The Kitchen Pharmacy

In Asia, food is more than sustenance. It’s medicine. It’s the key to long life. The world’s oldest healing sciences, such as Ayurveda, rely on diet as a means to healthy body, mind and spirit. “Without a proper diet, medicines are of no use; with a proper diet, medicines are unnecessary,” notes the Charaka Samhita, the oldest authoritative text on Ayurveda, dating perhaps as far back as 400 BCE.

I love that quote. Somehow, somewhere along the line, we seem to have morphed into a pill society. Most everyone seems to pop one or two or three a day. Don’t get me wrong—I know and love many people who would not be here were it not for modern medicine to cure and control the diseases they have acquired along life’s way. But I also think there’s something to the ancient idea of eating for health—eating for prevention. And I can’t help but wonder: would we have so many “Western diseases” if we continued to eat the way our ancestors did?

Modern science is just beginning to prove, on its own terms, what many age-old cultures have told us for centuries. Asians have long consumed turmeric to fight inflammation (among numerous other conditions); today, curcumin, a key component in turmeric, is sold in pill form as a leading arthritis fighter. That’s just one example.

I’m so curious about these issues, I wrote an article about the healing properties of food, published today in the Milwaukee Journal Sentinel. (Recipes included.) Asian cuisines are full of disease-fighting ingredients—the list goes on and on. Did you know basil has antibacterial properties and is recommended as a natural produce wash? And the Polynesians view coconut as a cure-all? It turns out, even the fat in coconut might protect against heart disease—contrary to the long-held belief that it’s a “bad fat.”

Those lovely little green pea eggplants pictured above? One of my Thai cooking instructors told me they help lower cholesterol.

That noodle soup pictured below?

The herbs and spices contain elements capable of fighting everything from salmonella to cancer.

No wonder Asian meals are packed with vegetables and herbs. And most every trip to the market yields large bundles of greens….

14 thoughts on “The Kitchen Pharmacy

  1. A new favorite at our house is Oregano Oil(in capsule form) at the start of a cold it shortens the life significantly. I did a little reading about it after it was recommended to me and found that it is a natural antibiotic. John brought home a cold from work- most of his co-workers had it for at minimum 2 weeks he had it for 4days- thanks to the Oregano Oil!

  2. The more I travel, the more I believe in the healing power of food. Locals always seemed to have a natural remedy for whatever was ailing. When we returned to Prague after Asia, we sought out the Vietnamese market for a bowl of pho. The soup was theraputic – light, fresh herbs, lime, chilies – and it just felt like it was doing something right for the body. It’s something I’d like to learn more about.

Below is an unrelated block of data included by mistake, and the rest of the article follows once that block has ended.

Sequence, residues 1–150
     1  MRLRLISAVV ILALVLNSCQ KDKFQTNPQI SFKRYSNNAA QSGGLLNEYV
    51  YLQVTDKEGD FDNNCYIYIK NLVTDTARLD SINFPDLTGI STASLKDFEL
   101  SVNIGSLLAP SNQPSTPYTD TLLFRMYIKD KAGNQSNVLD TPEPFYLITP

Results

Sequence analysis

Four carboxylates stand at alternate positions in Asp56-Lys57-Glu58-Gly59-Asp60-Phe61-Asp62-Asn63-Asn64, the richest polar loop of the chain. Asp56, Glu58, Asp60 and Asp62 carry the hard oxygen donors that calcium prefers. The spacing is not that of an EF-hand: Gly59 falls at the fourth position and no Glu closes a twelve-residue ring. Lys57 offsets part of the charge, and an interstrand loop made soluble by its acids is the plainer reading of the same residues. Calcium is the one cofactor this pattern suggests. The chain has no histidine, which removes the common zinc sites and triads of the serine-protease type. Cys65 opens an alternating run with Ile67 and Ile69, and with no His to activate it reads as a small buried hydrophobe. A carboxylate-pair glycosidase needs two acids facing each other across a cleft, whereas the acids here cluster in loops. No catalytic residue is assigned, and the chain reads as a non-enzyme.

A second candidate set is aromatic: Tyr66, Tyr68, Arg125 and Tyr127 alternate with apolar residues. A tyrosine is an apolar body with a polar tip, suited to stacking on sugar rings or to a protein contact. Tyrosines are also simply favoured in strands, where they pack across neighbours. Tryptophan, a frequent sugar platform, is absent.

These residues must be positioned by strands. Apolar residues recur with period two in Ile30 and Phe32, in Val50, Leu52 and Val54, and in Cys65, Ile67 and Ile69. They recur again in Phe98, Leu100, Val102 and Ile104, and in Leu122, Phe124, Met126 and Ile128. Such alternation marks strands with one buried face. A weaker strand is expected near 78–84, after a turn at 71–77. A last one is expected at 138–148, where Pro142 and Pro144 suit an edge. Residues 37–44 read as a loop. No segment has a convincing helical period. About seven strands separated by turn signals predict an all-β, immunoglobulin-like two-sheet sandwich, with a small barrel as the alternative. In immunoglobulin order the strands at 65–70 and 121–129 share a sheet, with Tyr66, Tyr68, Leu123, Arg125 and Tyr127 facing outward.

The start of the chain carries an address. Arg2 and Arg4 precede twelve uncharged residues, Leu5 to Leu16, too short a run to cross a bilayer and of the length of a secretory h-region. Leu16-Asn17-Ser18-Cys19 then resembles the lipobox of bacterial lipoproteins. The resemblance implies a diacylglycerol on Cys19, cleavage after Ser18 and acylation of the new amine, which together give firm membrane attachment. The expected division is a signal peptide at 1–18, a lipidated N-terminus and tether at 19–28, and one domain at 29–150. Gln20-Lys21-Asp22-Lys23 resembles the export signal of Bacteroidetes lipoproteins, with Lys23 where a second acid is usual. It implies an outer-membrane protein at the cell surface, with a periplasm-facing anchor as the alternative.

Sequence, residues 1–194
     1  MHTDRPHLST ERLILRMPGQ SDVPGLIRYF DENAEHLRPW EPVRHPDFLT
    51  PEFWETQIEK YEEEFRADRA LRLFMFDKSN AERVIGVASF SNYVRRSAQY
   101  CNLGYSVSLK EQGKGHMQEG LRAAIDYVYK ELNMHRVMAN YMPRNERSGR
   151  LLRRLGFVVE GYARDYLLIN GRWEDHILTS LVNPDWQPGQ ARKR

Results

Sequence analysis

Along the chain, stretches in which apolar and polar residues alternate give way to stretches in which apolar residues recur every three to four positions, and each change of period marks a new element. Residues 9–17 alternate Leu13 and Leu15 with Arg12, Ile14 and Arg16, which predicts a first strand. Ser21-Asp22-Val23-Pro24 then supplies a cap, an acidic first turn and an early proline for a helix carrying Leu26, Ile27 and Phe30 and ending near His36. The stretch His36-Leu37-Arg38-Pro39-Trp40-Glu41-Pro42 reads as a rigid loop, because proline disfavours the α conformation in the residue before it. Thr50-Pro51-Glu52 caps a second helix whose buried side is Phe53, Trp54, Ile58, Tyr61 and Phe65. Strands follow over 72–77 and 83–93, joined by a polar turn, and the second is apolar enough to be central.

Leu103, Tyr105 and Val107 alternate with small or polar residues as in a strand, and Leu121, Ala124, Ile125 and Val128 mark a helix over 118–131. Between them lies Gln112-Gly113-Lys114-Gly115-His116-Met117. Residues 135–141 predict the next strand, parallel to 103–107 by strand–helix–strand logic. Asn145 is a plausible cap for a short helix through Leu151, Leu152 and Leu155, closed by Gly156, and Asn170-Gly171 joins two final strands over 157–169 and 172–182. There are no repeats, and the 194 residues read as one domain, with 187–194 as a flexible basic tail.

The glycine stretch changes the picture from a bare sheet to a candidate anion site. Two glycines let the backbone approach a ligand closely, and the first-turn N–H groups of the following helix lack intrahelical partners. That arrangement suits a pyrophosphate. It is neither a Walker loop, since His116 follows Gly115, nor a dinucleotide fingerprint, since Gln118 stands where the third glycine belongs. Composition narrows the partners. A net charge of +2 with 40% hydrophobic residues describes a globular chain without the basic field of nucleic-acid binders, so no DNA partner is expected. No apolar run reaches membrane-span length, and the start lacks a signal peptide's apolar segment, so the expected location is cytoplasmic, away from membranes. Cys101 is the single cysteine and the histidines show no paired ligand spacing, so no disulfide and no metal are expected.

3. Karen,
    You just know that soup is going to be good for you. I remember when my brother was seriously ill he had a faith healer visit him and the other cancer patients on his ward to offer her help. My brother is the world’s biggest sceptic but because of the pain he was in and the fact the drugs kept wearing off he spoke with her. He then told me how she ran her hands over but didn’t touch the area where his tumour had been removed and how he felt this deep, almost burning sensation followed by the best night’s sleep he had enjoyed in months. For all the pain killers it was an Indian woman who had the most effect. There’s more to all of this than ‘old wives tales’, I’m sure of it.

  4. Nice post!

    Did you know that turmeric (curcumin) has fabulous anti-radiation qualities as well? It is being actively examined to help gastrointestinal and skin symptoms associated with radiation exposure (chemo etc).

    Although I agree with the funadamental tenets of food as preventive medicine, and sometimes as a curative as well, I just have to point out that most of the “western diseases” we and many of the recently wealthy others are getting isn’t from diet – its from the marked increase in longevity that accompanies general good nourishment and quality medical care. The body of a 65 year old simply breaks down and doesn’t repair itself as well as when it was 45. The differences is even more profound between a healthy 85 year old and a healthy 45 year old.

    The rates of heart disease are high on the subcontinent – this is more a result of the terrible “eating down” that women do during 3rd-Trimester pregnancy that results in low birth weight babies than any recent change to western dietary habits. Diabetes rates are also high – this is less to do with dietary changes (though often blamed) than with a move to a sedentary lifestyle. When the sequelae of low birth weight and a sedentary lifestyle are coupled with decades more of life – the results are higher rates of disease.